Global Coal Consumption Reaches New Record High In 2021…China, India Consuming Two Thirds

According to the International Energy Agency’s (IEA) Coal 2021 report, coal-fired electricity generation reached an all-time high in 2021, increasing a whopping 9% in 2021.

Chart source: IEA

The increase was driven by the rapid economic recovery. Globally, a total of 10,350 terawatt-hours of electricity was generated from coal.

Even worse in terms of the climate protection perspective, the IEA report says that global coal demand could well reach a new all-time high in the next two years and would likely stay near these levels for the next few years.

More than 600 new coal-fired power plants are planned in Asia.

The IEA says China and India now account for two-thirds of global coal consumption, despite their efforts to expand renewables and other low-carbon energy sources.

“Without strong and immediate action by governments to tackle coal emissions – in a way that is fair, affordable and safe for those affected – we will have little, if any, chance of limiting global warming to 1.5 °C,” IEA Executive Director Fatih Birol said.

The IEA report comes just over a month after the end of the COP 26 climate summit in Glasgow, Scotland. The agreement reached at COP 26 aimed to build on the Paris Agreement and alledgedly prevent the worst impacts of climate change.

The IEA forecast for the future:

At the same time, countries such as Viet Nam, the Philippines and Bangladesh, where very strong growth in coal demand had been expected a few years ago, are now set to show more modest increases as they shift more towards sources of electricity that are less carbon intensive.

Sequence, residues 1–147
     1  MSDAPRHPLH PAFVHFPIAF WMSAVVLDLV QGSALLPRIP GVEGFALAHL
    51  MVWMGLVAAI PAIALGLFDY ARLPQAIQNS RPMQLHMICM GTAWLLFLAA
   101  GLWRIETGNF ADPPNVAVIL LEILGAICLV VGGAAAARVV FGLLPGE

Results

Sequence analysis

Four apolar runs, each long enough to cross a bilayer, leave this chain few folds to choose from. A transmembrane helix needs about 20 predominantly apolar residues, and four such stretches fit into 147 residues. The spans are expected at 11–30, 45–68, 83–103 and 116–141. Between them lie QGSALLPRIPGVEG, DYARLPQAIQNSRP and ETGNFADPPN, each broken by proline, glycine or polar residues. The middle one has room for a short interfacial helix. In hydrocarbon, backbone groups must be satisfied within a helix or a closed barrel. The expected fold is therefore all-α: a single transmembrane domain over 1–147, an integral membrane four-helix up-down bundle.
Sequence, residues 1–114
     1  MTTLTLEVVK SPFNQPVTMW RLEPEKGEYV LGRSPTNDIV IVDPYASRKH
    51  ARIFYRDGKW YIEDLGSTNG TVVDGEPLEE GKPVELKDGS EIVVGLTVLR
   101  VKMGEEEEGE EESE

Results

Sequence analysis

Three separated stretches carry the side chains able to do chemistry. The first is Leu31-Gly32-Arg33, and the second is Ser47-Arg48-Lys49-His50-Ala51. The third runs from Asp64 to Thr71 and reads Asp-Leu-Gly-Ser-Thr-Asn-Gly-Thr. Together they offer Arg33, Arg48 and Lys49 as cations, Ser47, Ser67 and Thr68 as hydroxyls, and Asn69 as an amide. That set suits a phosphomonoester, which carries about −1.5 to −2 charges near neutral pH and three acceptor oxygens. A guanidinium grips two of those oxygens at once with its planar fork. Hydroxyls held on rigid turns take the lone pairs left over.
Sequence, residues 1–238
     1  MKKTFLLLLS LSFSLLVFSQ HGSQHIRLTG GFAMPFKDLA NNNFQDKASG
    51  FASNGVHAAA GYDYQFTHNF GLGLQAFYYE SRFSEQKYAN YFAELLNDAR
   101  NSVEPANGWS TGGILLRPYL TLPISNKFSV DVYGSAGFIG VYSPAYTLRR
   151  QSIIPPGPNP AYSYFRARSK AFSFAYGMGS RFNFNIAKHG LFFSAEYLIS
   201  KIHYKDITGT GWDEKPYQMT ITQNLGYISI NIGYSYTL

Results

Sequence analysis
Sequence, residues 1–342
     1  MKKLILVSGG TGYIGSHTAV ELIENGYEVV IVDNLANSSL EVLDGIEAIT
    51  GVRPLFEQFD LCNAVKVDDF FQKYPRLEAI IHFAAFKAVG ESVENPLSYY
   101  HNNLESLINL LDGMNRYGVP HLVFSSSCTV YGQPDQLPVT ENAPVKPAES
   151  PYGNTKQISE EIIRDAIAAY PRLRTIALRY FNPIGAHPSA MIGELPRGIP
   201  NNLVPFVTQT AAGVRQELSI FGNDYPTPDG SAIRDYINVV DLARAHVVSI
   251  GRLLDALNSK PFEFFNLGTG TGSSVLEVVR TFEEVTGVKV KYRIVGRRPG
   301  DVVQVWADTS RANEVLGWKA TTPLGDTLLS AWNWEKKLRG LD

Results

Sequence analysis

However, global coal trends will be shaped largely by China and India, who account for two-thirds of global coal consumption, despite their efforts to increase renewables and other low-carbon energy sources.

In China, coal demand growth is expected to average less than 1% per year between 2022 and 2024.

In India, stronger economic growth and increasing electrification are forecast to drive coal demand growth of 4% per year.

India’s growing appetite for coal is set to add 130 million tonnes (Mt) to coal demand between 2021 and 2024.

For most industrial purposes where coal is used, such as iron and steel production, there are almost NO technologies that can replace coal in the short term.

Based on current trends, global coal demand is set to rise to 8,025 MILLION METRIC TON in 2022, the highest level ever seen, and to remain there through 2024.”

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Comment by Willem Post on January 24, 2022 at 10:25pm


Thank you for the URLs

That article statement is correct.

A clever analysis, which needs to be spread around

Carbon can be Carbon 12, 13 and 14.

Only Carbon 12 is from combustion of fossil fuels.

Whatever quantities of Carbon 13 and 14 there may have been several hundred million years ago, they have decayed to Carbon 12.

At always, Carbon 14 is continuously produced by solar irradiation.

Comment by Lynn Oleum on January 24, 2022 at 8:14pm

"CO2 ... the little that man has put into the atmosphere...."

Carbon-14 has a half life of about 5,000 years. It is continuously produced by cosmic rays in the upper atmosphere. Fossil fuels are not exposed to cosmic rays, and therefore contain no carbon-14. By measuring the amount of carbon-14 in the atmosphere, and the trends of its amounts since 1750 using geologic measurements, Skrable, Chobot,and French concluded that claims that the increase in CO2 in the atmosphere from burning fossil fuels since 1750 cannot be supported.

Comment by Lynn Oleum on January 24, 2022 at 7:58pm